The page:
Microsoft skips over Intel for ARM tablet device

Steve Ballmer

Microsoft is taking its biggest step away from a long-standing, lucrative alliance with Intel to team up with Britain's ARM in an attempt to take on Apple in the red-hot tablet and smartphone arena.

Microsoft, the second-largest US technology firm, plans to design a Windows operating system compatible with chips designed by ARM, an Intel rival and the dominant producer of chips for smartphones and tablet computers.

Chief executive (CEO) Steve Ballmer pitched the move in a typically enthusiastic opening address at the Consumer Electronics Show (CES) in Las Vegas, looking to convince investors his company could hold its dominance in a world moving away from PC-centric computing.

"Whatever device you use, now or in the future, Windows will be there," said Ballmer, stalking the stage in a packed, supportive auditorium. "Windows will be everywhere on every kind of device, without compromise."

Investors and analysts were not immediately convinced the software giant could maintain the dominance of Windows as Apple's iPad leads the exploding tablet market and Google's Android smartphone systems take off.

"The PC is not going to be the 95 per cent dominant solution five years from now," said IDC analyst Al Hilwa. "The trajectory of the iPad and all these Android devices is to take on multiple form factors."

The lack of a coherent strategy on tablets hobbled Microsoft's share price last year, and its shares continued to trade around the same level they did eight years ago.

"We've already seen that the personal computer has lost dominance as a computing platform," said Brendan Barnicle, an analyst at Pacific Crest Securities. "Microsoft has to deal with the fact that Apple is making these really compelling devices."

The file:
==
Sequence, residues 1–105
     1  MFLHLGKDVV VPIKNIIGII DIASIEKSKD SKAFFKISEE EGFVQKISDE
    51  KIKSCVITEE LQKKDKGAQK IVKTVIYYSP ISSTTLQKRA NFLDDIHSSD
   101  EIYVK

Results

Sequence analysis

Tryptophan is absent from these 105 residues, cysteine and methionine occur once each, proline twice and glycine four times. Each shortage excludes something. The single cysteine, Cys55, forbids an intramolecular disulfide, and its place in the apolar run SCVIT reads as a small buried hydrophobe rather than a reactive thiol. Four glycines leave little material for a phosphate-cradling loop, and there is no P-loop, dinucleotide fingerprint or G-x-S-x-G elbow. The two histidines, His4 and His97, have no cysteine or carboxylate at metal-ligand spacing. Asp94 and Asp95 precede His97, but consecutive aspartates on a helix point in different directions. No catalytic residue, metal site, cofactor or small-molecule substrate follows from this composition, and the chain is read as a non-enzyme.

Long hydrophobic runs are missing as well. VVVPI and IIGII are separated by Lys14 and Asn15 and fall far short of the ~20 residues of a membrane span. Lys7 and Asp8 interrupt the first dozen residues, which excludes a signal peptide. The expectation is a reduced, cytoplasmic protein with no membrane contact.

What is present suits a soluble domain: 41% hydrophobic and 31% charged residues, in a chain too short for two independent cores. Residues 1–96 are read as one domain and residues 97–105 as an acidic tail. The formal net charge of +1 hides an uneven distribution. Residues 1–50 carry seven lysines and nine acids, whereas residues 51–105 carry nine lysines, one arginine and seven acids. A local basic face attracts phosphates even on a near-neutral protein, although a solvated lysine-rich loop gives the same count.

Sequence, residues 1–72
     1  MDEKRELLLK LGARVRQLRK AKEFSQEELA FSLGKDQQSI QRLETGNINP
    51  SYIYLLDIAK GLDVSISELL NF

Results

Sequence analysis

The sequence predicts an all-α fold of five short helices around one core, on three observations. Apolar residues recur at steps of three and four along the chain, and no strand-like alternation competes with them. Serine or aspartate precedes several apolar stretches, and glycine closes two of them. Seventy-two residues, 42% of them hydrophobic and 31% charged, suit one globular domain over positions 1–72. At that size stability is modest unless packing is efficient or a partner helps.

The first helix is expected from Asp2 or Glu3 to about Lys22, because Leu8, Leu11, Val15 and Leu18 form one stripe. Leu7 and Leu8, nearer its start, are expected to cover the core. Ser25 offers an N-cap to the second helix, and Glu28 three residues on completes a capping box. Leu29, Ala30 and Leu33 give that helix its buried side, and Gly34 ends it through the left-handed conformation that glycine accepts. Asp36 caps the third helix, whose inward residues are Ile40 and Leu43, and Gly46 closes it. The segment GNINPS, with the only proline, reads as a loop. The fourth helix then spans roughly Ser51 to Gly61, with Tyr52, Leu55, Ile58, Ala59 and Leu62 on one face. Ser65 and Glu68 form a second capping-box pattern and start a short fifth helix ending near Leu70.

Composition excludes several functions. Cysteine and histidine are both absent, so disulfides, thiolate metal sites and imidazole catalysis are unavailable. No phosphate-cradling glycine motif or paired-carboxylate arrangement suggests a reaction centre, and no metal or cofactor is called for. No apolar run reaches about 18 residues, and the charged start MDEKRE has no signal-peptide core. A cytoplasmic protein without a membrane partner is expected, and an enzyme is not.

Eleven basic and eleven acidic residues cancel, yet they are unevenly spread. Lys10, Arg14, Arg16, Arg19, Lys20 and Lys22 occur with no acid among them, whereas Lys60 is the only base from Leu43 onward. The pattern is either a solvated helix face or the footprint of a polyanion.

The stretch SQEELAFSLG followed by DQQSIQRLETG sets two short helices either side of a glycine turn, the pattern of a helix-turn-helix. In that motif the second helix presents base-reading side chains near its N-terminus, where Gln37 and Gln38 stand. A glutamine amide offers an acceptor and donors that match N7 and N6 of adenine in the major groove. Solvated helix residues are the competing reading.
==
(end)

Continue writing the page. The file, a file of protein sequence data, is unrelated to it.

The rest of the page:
Microsoft's move is the latest major win for ARM, which is making huge strides in mobile computing. Yesterday the company also announced graphics chipmaker Nvidia would begin designing central microprocessors for computers based on ARM architecture.

Cornering the market

Microsoft's new approach marked a shift away from Intel, whose chips have held an hegemony on Windows operating systems on PCs, and suggested the breakdown of the fabled "Wintel" alliance, which set the standard in early computing.

"It's highly symbolic, the Wintel duopoly that was such a good partnership for so long is fraying at the edges a little bit," said Todd Lowenstein, a portfolio manager at HighMark Capital Management.

The software giant offered no time frame for the launch of the ARM-supported operating system version, but Windows unit chief Steven Sinofsky said Microsoft typically aimed for 24 to 36 months between major Windows versions, suggesting a launch date of between October 2011 and October 2012.

That means tablets capable of taking on Apple's iPad may be a year or more in coming, running the risk of leaving it too late to catch up, as well as betting on tablets being an enduring new market.

"It's still early in the adoption phase for tablets," said Lowenstein. "Prices will be coming down, there is a mass market opening up even more, and both Intel and Microsoft have the capability to catch up. Microsoft has made a business model out of second-mover advantage, using its scale to crush opponents."

Research firm Gartner expects worldwide smartphone sales to treble to 851 million units by 2014, whilst it sees tablets increasing seven-fold to more than 150 million units by 2013.

In comparison, PC sales are expected to increase at a much more sedate pace, close to 15 per cent this year, rising to 610 million units worldwide by 2014, according to Gartner. By that time, the analyst firm expects tablets to have displaced about 10 per cent of PC sales.

New chipsets for Windows

High-powered, low-battery chips made by ARM dominate the smartphone and tablet markets, and are featured on Apple's iPhone and iPad.

During Ballmer's presentation, he demonstrated a Windows desktop running off ARM-based chip architecture, including one powered by Qualcomm's popular Snapdragon processor and another by Texas Instrument's OMAP.

Also demonstrated was a desktop powered by Nvidia's Tegra.

Microsoft's operating software for mobile devices - Windows Phone 7 already supports ARM processors, but the new version of Windows would mark a shift in its core operating software for computing.

Samsung, Dell and Asustek have already announced tablets running Windows 7 standard OS will go on sale this year.

"They have to evolve the PC, they have to redefine the PC. And it looks like they kind of got the memo on this now," IDC analyst Hilwa said.


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